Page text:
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Fracking Activity May Up Heart Failure Hospitalization Risk

Risk for heart failure hospitalization increased with pad preparation, stimulation, production phases of fracking activity

a woman holding her hand on the heart

TUESDAY, Dec. 8, 2020 (HealthDay News) -- For patients with heart failure, environmental exposures to three of four phases of unconventional natural gas development (UNGD) are associated with increased risk for hospitalization, according to a study published in the Dec. 7 issue of the Journal of the American College of Cardiology.

Tara P. McAlexander, Ph.D., M.P.H., from the Johns Hopkins Bloomberg School of Public Health in Baltimore, and colleagues examined the odds of hospitalization among patients with heart failure seen from 2008 to 2015 at Geisinger using electronic health records. Metrics of UNGD activity were assigned by phase (pad preparation, drilling, stimulation, and production) 30 days before hospitalization or a frequency-matched control selection date. A total of 9,054 patients with heart failure with 5,839 hospitalizations were identified.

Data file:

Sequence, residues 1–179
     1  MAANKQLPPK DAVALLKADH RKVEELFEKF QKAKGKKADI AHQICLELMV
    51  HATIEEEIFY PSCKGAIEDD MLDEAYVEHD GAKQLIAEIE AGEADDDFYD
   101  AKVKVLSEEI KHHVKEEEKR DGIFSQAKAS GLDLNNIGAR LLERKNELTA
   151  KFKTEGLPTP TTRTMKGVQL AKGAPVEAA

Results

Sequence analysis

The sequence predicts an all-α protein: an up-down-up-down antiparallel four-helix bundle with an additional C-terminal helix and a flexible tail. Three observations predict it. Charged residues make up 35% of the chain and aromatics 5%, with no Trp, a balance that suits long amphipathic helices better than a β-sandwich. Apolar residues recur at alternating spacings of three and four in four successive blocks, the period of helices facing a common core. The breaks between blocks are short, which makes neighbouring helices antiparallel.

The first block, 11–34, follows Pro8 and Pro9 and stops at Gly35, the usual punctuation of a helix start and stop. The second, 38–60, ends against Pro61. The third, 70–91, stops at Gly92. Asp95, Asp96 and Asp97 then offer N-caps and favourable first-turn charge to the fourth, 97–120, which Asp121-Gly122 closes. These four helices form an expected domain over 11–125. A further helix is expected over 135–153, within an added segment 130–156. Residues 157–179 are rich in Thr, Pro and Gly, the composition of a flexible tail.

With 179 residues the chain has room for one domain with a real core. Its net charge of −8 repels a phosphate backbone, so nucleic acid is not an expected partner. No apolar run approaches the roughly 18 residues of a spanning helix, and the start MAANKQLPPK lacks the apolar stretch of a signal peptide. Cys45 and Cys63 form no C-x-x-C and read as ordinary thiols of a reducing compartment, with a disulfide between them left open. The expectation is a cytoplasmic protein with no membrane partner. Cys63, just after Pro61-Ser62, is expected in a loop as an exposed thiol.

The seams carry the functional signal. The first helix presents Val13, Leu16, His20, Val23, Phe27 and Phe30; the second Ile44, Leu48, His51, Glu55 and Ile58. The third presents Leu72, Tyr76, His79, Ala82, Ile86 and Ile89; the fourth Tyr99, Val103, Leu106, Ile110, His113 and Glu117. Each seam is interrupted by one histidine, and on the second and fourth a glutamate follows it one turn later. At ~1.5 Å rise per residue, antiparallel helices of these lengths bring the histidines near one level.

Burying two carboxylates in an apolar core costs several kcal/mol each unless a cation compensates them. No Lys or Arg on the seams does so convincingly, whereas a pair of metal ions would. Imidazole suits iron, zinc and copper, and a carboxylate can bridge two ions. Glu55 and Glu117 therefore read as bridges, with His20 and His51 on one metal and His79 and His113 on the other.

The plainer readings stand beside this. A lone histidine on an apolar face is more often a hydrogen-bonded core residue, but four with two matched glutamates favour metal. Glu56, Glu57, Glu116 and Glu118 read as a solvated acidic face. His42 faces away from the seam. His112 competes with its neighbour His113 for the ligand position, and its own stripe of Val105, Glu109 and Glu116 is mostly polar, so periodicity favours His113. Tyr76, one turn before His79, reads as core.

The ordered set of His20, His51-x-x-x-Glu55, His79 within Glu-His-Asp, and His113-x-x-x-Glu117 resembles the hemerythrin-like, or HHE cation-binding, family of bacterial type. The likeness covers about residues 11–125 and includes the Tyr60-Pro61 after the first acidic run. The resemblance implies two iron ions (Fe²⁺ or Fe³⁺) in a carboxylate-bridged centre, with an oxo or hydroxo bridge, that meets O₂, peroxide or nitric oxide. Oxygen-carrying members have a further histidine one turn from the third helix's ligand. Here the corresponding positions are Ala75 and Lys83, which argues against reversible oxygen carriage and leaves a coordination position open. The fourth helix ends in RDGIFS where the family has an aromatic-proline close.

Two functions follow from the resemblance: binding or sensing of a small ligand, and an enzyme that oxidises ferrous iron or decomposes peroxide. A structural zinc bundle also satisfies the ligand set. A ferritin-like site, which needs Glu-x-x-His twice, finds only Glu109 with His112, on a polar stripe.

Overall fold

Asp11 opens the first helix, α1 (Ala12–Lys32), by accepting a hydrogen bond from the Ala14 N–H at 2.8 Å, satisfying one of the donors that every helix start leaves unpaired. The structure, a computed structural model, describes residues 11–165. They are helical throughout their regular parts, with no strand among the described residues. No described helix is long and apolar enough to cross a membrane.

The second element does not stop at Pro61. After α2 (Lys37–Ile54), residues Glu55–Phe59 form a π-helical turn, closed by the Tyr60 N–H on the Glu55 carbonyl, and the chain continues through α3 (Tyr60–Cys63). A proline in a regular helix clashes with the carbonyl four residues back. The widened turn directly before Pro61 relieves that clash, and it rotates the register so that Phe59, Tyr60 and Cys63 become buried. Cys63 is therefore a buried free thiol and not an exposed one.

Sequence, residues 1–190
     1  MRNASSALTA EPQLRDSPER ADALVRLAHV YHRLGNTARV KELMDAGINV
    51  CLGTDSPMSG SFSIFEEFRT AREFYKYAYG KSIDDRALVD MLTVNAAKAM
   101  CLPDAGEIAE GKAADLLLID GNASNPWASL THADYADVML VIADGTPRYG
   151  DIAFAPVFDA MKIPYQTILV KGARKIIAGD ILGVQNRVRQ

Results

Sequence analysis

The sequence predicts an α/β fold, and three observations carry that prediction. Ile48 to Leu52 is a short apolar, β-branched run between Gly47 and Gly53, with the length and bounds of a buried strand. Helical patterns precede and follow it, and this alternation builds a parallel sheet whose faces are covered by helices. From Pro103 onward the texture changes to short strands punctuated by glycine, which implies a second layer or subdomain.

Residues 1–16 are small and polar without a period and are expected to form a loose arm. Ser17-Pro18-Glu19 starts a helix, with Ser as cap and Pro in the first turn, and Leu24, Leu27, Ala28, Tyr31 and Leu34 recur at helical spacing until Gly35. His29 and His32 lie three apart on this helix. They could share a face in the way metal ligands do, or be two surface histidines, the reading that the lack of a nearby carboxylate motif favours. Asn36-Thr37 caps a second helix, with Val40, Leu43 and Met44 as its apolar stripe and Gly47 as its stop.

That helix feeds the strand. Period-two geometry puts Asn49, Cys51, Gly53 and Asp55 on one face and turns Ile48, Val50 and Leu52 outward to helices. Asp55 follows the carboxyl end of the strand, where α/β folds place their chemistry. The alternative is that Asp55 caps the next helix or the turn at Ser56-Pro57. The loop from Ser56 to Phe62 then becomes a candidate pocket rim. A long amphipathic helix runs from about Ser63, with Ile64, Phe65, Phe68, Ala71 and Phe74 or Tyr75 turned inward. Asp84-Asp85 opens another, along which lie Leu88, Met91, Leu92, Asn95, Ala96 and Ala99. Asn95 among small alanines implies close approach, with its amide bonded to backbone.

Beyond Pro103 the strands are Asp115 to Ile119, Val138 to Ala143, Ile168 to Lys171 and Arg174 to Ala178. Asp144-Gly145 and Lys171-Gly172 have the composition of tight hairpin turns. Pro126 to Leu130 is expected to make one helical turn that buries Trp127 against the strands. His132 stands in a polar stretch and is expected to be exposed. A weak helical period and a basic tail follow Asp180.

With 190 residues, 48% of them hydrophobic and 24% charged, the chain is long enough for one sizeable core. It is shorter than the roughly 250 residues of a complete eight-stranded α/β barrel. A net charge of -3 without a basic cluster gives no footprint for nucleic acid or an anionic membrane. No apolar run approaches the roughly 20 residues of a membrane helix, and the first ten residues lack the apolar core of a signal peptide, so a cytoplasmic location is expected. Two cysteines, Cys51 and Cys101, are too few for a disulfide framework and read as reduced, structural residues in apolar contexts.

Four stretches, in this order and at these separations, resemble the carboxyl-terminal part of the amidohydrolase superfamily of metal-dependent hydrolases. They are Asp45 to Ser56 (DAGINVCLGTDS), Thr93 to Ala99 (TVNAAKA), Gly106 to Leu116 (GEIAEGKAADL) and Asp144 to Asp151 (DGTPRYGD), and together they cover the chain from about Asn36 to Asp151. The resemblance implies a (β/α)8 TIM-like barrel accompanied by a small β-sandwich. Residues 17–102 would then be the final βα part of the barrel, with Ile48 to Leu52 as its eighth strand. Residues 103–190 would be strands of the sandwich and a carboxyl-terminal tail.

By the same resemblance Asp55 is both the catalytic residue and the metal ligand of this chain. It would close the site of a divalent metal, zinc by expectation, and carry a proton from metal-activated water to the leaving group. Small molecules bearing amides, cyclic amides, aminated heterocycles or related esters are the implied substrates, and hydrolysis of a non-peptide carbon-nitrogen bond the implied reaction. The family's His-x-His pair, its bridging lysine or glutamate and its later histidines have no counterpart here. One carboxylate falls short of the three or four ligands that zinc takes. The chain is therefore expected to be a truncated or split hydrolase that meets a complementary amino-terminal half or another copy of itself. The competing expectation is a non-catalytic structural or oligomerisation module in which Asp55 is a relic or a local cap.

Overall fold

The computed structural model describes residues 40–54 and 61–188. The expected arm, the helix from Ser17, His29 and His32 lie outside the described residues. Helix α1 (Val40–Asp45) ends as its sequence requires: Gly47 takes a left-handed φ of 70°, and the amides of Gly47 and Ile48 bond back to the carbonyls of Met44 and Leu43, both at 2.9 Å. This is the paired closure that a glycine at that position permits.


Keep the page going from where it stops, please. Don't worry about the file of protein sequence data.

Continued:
The researchers found that the adjusted odds ratios (95 percent confidence intervals) for hospitalization were 1.70 (1.35 to 2.13), 0.97 (0.75 to 1.27), 1.80 (1.35 to 2.40), and 1.62 (1.07 to 2.45) for pad preparation, drilling, stimulation, and production, respectively, comparing the fourth to first quartiles. There was no effect modification noted by reduced ejection fraction or preserved ejection fraction status. Those with more severe heart failure at baseline had stronger associations of most UNGD metrics with hospitalization.

"Our findings suggest that individuals living with heart failure, when exposed to greater UNGD activity, are more likely to be hospitalized, particularly in those with more severe heart failure at baseline," McAlexander said in a statement.

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